Thursday, August 23, 2012

Dark Horse Presents #15

Written by Michael Avon Oeming, Kelly Sue DeConnick, Carla Speed McNeil, David Chelsea, Erika Alexander, Tony Puryear, John Layman, Bo Hampton, Robert Tinnell, Arvid Nelson, Nate Cosby, Mike Baron, and Kim W. Anderson
Art by Michael Avon Oeming, Phil Noto, Carla Speed McNeil, David Chelsea, Tony Puryear, Sam Kieth, Bo Hampton, Juan Ferreya, Evan Shaner, Steve Rude, and Kim W. Anderson

At this point, I'm pretty sure I would buy Dark Horse Presents every month just for Carla Speed McNeil's Finder.  Were the rest of the book full of stories by Howard Chaykin, Neal Adams (writing his own work), Jeph Loeb, Rob Liefeld, Mark Bagley, and Chuck Austen, I would probably still buy it, and only read McNeil's story.  That's how good Finder is.

In this newest chapter, Jaeger, stuck in the middle of the conflict over an Ascian burial ground, takes on his role as Sin-Eater, in an act that is equally horrifying and noble.  McNeil has often referred to her brilliant science fiction comic as 'aboriginal sci-fi', and that is clearly what is happening here.  It's very good, very powerful stuff.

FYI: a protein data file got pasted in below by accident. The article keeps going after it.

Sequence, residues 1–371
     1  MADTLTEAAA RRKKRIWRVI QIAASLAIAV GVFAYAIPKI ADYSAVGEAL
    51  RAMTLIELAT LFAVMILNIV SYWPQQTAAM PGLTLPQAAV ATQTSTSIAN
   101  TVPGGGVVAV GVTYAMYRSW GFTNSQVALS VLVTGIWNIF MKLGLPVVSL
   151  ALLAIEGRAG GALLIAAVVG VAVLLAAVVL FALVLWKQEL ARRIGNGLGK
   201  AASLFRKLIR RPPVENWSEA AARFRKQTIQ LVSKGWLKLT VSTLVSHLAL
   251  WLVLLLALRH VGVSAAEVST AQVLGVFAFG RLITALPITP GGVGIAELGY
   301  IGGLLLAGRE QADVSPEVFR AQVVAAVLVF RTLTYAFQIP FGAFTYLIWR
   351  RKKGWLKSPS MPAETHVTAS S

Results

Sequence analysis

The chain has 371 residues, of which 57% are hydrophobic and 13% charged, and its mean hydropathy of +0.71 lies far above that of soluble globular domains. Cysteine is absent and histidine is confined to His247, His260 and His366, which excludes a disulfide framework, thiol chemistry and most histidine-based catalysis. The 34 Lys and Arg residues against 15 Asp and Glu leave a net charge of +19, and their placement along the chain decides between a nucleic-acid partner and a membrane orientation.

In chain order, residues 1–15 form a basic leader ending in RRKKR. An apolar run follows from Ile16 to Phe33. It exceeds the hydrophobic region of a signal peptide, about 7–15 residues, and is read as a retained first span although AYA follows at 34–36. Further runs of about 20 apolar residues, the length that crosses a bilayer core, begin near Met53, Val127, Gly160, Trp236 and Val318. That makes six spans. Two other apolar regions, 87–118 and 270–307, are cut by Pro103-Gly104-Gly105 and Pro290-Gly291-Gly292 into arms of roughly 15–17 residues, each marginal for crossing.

This issue of DHP also brings back the series Rex Mundi, in a surprise story featuring Brother Moricant.  I'm not sure what all new readers would get from this comic, but it is nice to see Arvid Nelson and Juan Ferreya working together again, and I've always loved the masks that the brothers of the Inquisition wear.

John Layman and Sam Kieth's Aliens story snaps into focus this month, as we finally get a more solid understanding of the female main character.  Layman is not writing a traditional Aliens story at all here, and it's a bit of a shame that it's taken so long for that to become clear.  Were this a mini-series, that could be read in larger chunks, it would have probably worked better.

Michael Avon Oeming's Wild Rover, which gets the cover this month, also becomes clearer and more interesting, as a dark horror story.  Bo Hampton and Robert Tinnell's Riven jumps up a number of years this issue, and continues to build the groundwork for a successful horror tale.

I'm continuing to get a lot of enjoyment out of Tony Puryear's Concrete Park, which jumps all over the place, but is always an engaging read.

Kim W. Anderson gives us another story of twisted love, which works like an old school EC horror story, updated for the Internet age.  David Chelsea gives us an improvisational story with 'The Girl With the Keyhole Eyes', and the newest chapter of Ghost continues to be decent.

I'm glad that there's so much to enjoy in this series beyond the Finder chapter, which makes this a must-buy.

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